I’m in the Hong Kong University full stack web development specialization that has consumed the majority of my free time since September. It’s a new specialization, and I’m a part of the first cohort. Because of this, I get a lot of questions about the specialization on Quora about my experience. Since I count the coding I do for the course towards the #100DaysOfCode challenge, I want to spend the next couple of days discussing what I’m learning and building. The purpose for doing so will be two-fold: it will provide commentary for those seeking a detailed review of the course from me, and I’ll get to share content, insight, and sample code for my challenge readers.
Just to give you some background, I’m now in course 4 of the specialization, which focuses on multi-platform mobile development. For the course, we are taking the web app we build in course 3 and making it into a mobile app for iOS and Android deployment. You can read about the web app I built in course 3 here if you’re interested. We use two tools in the course: the Ionic framework and Cordova. I will write more about using these two tools specifically in future posts, but today I want to just provide an intro on approaches in mobile app development, using my course notes to guide me.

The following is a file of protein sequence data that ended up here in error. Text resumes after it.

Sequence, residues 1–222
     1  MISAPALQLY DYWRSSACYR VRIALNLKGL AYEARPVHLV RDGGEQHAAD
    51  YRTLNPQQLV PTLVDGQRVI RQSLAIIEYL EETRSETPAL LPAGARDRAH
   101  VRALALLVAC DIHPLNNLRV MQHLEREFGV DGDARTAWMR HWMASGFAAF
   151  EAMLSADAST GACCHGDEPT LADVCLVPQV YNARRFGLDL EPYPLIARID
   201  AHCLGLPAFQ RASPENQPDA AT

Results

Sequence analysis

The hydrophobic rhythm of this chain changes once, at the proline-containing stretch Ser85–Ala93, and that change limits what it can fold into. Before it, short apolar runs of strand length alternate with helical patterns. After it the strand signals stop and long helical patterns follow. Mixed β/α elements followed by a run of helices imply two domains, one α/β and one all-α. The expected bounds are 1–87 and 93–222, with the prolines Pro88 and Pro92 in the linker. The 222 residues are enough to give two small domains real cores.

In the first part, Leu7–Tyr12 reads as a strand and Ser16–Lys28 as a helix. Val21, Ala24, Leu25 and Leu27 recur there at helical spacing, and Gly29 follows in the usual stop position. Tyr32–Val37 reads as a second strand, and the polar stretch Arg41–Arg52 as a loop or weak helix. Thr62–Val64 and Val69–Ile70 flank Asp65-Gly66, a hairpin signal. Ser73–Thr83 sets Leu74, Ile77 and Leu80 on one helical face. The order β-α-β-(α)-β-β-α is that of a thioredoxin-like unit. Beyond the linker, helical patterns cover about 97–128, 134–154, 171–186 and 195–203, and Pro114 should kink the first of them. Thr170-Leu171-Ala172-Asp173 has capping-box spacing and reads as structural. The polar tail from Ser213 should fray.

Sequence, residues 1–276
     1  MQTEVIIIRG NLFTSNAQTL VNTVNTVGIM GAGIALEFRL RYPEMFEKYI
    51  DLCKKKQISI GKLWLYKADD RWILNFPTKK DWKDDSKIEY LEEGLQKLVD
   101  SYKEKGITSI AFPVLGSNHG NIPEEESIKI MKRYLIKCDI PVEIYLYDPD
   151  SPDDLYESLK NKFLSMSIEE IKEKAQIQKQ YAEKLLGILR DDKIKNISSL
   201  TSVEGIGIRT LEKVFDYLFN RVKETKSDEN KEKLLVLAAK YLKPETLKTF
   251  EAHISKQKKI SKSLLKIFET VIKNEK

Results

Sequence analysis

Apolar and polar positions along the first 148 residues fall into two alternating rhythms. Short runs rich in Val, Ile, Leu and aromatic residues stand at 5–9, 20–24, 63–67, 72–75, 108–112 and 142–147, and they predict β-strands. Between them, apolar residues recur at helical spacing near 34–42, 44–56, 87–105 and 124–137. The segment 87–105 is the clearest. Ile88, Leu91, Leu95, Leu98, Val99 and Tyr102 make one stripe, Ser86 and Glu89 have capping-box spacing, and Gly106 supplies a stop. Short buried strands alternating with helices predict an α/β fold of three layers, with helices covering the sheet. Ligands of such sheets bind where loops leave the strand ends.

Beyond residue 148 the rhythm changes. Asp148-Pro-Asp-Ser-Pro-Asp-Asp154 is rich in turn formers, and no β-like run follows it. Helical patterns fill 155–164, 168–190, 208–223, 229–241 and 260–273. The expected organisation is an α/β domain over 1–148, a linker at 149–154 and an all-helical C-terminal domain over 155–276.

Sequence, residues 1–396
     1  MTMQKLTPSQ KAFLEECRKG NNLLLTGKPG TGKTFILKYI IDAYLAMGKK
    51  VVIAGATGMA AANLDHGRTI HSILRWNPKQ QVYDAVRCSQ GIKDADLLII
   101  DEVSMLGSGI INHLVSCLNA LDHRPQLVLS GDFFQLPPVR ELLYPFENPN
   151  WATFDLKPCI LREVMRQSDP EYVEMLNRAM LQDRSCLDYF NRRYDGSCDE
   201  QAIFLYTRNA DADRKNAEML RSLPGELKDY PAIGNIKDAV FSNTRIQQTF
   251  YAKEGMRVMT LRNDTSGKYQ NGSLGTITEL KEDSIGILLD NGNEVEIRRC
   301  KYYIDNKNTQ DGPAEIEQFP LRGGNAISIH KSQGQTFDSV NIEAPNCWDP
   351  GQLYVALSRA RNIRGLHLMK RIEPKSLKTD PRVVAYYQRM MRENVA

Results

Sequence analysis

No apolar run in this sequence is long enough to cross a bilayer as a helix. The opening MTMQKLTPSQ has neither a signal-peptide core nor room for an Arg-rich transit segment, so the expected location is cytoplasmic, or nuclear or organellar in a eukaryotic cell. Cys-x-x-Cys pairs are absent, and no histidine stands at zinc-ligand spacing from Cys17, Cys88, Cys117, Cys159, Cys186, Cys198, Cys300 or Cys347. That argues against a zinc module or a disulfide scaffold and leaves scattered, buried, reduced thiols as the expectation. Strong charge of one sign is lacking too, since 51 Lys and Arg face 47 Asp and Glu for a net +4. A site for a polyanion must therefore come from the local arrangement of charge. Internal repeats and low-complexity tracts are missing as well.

Mobile Web vs. Mobile (Native) Apps
There are two ways developers have built web apps for mobile: (1) by developing a full client-side mobile app and installing on mobile devices, or (2) by developing a web app that allows users to access it via a mobile device using web standards. From what I’ve seen, the second approach has been more widely used among front-end developers, but mobile web apps run slower on phones because the code is not native. Knowing this, we discussed all approaches for developing mobile apps in the course on the first day which I summarized below.
App Implementation Approaches
Native Apps: With mobile native apps, developers would need platform specific skills in order to create a functional app for iOS or Android. Think Objective-C, Xcode, or Swift for iOS, or Java, Eclipse and XML for Android. Using native device code allows for the highest performance of the app and gives developers full access to device capabilities. This is great for developers who know those select languages. Others not willing to learn have to choose another approach.
Hybrid Apps: These type of apps combine embedded webview (browser) with partial native code implementation. With this approach, HTML5 apps are embedded inside a native wrapper so to speak. Since this is the approach we’re using in the course, this will be the one I focus on for the rest of this post.
Hybrid Mobile App Development
According to Prof. Muppala (the HKU instructor for the course), the hybrid approach is best for content-driven apps such as those that focus on business enterprise, productivity, or media. This is because they don’t rely so much on accessing native capabilities. Our app is for a restaurant which will allow users to login, make reservations, see special promotions for the week, submit reviews of each dish, and add particular dishes to a list of favorites. It should be perfect for Ionic and Cordova conversion.
In the post for Day 26, I will dive more into using Ionic and how to install dependencies for getting your app started.
*** Day 25 Recap ***
- Finished first module of the course Multiplatform Mobile App Development with Web Technologies
- Finished first week of London U’s MOOC on web design, see code in the #100DaysOfCode github repo here